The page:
Small change in the 17-member euro area may have no future, the European Commission has argued. It said one and two-cent coins involved production costs far higher than their nominal values.
In a communiqué issued Tuesday, the EU commission said it had investigated the use of 1 and 2-eurocent coins against the criteria of both production costs and public acceptability.
"The Commission has consulted businesses and consumer associations, treasuries, mints and central banks on the pros and cons of continued issuance of the coins [in question]," Vice-President for Economic and Monetary Affairs, Olli Rehn, said in a statement.
He noted the production of such coins was clearly a loss-making activity for the euro area, with the difference between their face value and production costs having amounted to 1.4 billion euros ($1.82 billion) since their introduction in 2002.
Brussels came up with two scenarios that would see the immediate or gradual disappearance of the small change. It said there could be a quick withdrawal of the coins, with issuance ceasing completely and the coins in circulation to be withdrawn through retailers and banks within a short time span. Binding rounding rules would apply across the bloc.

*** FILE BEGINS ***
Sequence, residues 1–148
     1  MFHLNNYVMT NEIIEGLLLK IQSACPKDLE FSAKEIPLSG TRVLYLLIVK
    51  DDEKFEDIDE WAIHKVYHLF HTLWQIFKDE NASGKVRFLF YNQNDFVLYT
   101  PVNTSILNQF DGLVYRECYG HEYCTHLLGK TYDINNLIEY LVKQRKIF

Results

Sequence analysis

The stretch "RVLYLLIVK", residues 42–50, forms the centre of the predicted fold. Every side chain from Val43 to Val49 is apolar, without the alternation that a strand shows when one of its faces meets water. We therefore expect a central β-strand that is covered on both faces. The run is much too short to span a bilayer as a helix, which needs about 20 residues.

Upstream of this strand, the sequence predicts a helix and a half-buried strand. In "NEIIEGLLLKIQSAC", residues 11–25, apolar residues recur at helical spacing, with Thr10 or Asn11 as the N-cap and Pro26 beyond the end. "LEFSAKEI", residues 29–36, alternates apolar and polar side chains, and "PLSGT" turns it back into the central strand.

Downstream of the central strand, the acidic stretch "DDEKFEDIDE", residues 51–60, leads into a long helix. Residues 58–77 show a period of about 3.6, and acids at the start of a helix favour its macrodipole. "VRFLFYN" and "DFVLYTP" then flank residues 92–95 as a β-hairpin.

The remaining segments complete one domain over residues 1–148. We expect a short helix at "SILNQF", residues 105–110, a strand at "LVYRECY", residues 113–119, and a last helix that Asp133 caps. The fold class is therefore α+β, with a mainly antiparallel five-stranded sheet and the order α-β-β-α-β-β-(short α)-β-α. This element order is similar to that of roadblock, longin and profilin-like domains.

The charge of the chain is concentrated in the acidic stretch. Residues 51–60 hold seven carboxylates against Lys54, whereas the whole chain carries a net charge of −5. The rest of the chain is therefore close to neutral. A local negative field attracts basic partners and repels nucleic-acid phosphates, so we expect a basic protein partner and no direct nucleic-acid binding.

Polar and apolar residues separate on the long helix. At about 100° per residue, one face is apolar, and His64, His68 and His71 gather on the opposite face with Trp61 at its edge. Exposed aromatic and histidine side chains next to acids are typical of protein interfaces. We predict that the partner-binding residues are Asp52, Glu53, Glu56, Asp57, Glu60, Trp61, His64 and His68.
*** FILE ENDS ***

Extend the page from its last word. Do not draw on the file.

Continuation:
In another scenario, issuance would also come to a halt, but coins in circulation would not be withdrawn and would be expected to disappear over time as they were reported to have a high loss rate anyway.
But the EU executive warned citizens were generally attached to the small change and could fear a price hike, if it were done away with completely. That's why it also mentioned the option of keeping the coins while making their production cheaper through changing the material composition.
"We will now take forward the discussion with stakeholders and member states and see whether a clear preference emerges on which to base a legislative proposal," Rehn said.
Since 2002, eurozone member states have issued more than 45.8 billion one- and two-cent coins, the equivalent of 137 coins per capita.